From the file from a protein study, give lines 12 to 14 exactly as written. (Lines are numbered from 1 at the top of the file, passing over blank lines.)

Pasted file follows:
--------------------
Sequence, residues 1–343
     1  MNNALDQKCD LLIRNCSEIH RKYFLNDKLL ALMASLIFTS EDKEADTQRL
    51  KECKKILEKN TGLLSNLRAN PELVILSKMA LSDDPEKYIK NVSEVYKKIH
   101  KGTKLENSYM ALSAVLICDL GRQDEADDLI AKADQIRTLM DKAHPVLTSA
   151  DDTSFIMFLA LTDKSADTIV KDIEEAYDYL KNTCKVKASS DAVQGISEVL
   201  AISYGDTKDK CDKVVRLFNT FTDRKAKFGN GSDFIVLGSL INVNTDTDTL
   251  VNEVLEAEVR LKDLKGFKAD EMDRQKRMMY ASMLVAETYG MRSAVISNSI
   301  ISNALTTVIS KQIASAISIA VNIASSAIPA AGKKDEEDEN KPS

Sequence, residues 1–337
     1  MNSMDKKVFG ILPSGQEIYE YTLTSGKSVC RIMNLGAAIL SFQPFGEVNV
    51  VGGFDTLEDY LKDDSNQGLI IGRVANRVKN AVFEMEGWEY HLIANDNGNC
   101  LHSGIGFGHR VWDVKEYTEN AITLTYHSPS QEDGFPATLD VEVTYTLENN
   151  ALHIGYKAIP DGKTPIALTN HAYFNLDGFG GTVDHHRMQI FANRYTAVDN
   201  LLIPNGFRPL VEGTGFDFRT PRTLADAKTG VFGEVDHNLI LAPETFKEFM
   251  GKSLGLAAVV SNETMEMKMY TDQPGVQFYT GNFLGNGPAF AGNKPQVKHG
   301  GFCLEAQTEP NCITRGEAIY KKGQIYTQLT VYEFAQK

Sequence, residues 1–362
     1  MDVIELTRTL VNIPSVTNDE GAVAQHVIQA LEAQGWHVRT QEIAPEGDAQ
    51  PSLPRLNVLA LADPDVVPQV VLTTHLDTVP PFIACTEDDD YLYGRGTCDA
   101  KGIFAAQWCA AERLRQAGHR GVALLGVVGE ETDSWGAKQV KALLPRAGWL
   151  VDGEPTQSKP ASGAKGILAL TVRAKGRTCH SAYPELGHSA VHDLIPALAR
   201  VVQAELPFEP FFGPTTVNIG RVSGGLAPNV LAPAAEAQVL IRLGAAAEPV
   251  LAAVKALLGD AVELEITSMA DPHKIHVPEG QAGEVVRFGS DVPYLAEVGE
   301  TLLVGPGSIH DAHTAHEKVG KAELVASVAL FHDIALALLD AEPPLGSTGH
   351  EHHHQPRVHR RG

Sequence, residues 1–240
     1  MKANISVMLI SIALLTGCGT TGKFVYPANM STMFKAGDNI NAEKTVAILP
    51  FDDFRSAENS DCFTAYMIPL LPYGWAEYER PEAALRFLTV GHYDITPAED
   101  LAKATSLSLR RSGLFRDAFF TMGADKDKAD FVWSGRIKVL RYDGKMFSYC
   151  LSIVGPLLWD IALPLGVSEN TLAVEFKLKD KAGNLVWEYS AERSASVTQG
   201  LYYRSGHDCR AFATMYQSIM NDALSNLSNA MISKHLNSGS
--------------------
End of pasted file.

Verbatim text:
   101  LHSGIGFGHR VWDVKEYTEN AITLTYHSPS QEDGFPATLD VEVTYTLENN
   151  ALHIGYKAIP DGKTPIALTN HAYFNLDGFG GTVDHHRMQI FANRYTAVDN
   201  LLIPNGFRPL VEGTGFDFRT PRTLADAKTG VFGEVDHNLI LAPETFKEFM